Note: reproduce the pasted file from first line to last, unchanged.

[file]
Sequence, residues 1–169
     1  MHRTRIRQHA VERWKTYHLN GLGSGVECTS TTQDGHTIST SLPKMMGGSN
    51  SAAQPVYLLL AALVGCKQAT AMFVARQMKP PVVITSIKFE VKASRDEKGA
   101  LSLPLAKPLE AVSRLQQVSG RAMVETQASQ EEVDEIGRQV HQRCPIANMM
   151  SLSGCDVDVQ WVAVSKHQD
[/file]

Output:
Sequence, residues 1–169
     1  MHRTRIRQHA VERWKTYHLN GLGSGVECTS TTQDGHTIST SLPKMMGGSN
    51  SAAQPVYLLL AALVGCKQAT AMFVARQMKP PVVITSIKFE VKASRDEKGA
   101  LSLPLAKPLE AVSRLQQVSG RAMVETQASQ EEVDEIGRQV HQRCPIANMM
   151  SLSGCDVDVQ WVAVSKHQD